In December, a Lakota (Sioux) delegation delivered a statement of "unilateral withdrawal" to the State Department. In other words, it plans to secede. Not all Lakota, just the delegation, which was led by Russell Means. He, of course, is famous for surviving the siege at Wounded Knee in 1973 and founding the American Indian Movement (AIM), as well as for his movie roles.
Means, however, also announced that his group planned to file liens on property in parts of South Dakota, Nebraska, North Dakota, Montana and Wyoming. "The Missouri River is ours, and so are the Black Hills," he said.
But while Means taketh away with one hand, he giveth with the other. He invites one and all to live in the Lakota Nation, tax-free, as long as they renounce their U.S. citizenship. Don't worry: It will issue drivers' licenses and passports.
Once Americans get it through their heads that this isn't a reprise of the Confederacy, many might find the idea of a nation free of taxes, as well as war, appealing. After all, like Ron Paul, Means is a libertarian, under which guise, he too has run for president.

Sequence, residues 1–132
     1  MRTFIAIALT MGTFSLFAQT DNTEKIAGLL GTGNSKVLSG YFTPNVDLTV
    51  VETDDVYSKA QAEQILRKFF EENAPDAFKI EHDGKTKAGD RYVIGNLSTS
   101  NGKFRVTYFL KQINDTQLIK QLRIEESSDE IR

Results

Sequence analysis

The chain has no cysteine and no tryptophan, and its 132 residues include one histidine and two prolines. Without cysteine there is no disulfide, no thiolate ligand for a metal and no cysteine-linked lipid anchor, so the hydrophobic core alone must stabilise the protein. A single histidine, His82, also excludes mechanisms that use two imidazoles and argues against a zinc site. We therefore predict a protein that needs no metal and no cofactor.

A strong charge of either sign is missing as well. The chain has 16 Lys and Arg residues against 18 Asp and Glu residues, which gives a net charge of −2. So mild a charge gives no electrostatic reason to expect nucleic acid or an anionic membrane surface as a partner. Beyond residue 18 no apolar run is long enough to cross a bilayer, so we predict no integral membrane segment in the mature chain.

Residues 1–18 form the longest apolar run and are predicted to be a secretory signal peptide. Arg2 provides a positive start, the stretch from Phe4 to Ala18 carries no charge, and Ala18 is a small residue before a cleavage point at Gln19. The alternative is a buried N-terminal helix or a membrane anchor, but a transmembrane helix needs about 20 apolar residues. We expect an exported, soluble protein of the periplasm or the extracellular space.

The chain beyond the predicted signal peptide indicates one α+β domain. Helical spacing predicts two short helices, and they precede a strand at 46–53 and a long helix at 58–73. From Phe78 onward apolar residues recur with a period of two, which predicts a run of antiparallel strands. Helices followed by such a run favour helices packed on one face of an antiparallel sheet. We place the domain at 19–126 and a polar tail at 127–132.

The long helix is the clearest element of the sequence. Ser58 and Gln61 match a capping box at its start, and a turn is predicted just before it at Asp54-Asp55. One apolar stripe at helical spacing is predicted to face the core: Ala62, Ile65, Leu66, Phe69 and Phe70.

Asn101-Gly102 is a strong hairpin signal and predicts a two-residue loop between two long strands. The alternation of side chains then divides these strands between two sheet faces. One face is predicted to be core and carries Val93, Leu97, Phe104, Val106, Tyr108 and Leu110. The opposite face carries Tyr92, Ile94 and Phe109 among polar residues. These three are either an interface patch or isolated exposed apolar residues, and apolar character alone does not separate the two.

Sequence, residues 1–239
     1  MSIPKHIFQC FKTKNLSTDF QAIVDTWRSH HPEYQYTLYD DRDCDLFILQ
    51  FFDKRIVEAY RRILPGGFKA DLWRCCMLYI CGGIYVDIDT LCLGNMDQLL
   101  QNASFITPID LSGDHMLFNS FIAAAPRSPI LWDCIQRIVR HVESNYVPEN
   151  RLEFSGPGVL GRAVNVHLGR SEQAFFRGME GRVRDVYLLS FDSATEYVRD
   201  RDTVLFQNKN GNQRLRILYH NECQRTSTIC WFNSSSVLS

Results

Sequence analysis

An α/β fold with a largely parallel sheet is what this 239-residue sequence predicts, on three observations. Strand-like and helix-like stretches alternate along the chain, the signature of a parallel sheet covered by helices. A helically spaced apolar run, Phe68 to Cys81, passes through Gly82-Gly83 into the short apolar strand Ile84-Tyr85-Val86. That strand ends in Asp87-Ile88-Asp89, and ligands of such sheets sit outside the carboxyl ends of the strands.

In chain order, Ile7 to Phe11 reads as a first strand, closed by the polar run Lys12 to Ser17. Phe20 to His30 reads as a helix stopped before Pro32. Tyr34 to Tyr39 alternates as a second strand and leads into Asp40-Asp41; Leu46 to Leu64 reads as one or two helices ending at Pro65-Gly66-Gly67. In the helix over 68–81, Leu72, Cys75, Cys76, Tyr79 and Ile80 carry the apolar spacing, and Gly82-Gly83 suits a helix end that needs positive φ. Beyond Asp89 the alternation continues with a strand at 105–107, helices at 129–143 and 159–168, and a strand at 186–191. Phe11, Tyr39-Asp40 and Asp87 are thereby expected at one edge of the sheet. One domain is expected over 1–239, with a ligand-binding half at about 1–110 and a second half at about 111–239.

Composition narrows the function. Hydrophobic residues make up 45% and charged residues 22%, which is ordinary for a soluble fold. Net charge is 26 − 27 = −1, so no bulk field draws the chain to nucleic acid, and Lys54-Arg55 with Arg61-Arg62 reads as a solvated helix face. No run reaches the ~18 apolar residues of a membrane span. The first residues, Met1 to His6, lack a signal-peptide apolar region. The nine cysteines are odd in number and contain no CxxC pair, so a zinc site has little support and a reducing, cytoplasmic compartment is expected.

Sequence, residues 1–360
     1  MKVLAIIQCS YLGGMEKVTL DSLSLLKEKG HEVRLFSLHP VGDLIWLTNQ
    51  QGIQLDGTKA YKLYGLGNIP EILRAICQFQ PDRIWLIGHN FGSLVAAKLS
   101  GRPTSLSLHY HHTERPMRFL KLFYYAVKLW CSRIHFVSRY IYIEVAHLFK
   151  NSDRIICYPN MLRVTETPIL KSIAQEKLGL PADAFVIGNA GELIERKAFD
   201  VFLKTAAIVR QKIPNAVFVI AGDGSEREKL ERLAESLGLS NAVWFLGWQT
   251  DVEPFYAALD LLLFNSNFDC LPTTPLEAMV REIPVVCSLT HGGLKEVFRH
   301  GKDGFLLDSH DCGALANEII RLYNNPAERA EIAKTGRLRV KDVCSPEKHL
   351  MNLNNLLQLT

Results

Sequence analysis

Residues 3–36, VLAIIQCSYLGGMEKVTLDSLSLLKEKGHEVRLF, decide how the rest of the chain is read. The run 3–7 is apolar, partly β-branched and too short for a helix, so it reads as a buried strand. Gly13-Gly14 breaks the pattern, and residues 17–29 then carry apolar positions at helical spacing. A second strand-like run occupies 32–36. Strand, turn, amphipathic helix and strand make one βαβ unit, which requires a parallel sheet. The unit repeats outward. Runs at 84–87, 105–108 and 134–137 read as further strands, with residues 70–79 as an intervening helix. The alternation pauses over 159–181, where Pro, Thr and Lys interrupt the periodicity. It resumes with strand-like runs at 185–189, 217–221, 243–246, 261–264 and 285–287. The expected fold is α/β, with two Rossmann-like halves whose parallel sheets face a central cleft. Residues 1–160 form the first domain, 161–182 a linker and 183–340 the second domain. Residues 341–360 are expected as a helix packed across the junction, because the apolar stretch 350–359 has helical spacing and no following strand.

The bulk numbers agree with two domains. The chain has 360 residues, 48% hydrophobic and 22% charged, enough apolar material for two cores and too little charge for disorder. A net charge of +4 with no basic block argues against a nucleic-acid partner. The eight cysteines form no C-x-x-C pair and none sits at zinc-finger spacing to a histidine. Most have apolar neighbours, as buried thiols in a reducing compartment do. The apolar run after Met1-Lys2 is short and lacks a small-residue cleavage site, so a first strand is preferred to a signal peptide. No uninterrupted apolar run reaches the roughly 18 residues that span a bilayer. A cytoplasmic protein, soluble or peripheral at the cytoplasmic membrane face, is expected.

One can imagine the federal government's response: "Go ahead, enjoy your little secession. Of course, we won't be subsidizing your reservations anymore." Plus you have no chance whatsoever to change your mind about the $122 million in compensation the Supreme Court awarded you a couple of decades ago and which you refused."
Primal frontier fears resurface: Will the redskins return to their renegade roots and take revenge -- not to mention scalps? Not likely. Still, the first person with whom I shared the Lakotas' plans for secession said, "Oh great, it's bad enough we have to worry about the terrorists. Now, this too."
But Bolivia's president Evo Morales, as well as Venezuela are following events closely. Those Americans bent out of shape about the "NAFTA Superhighway" from Mexico to Canada may as well start worrying now about One Indigenous Continent for All.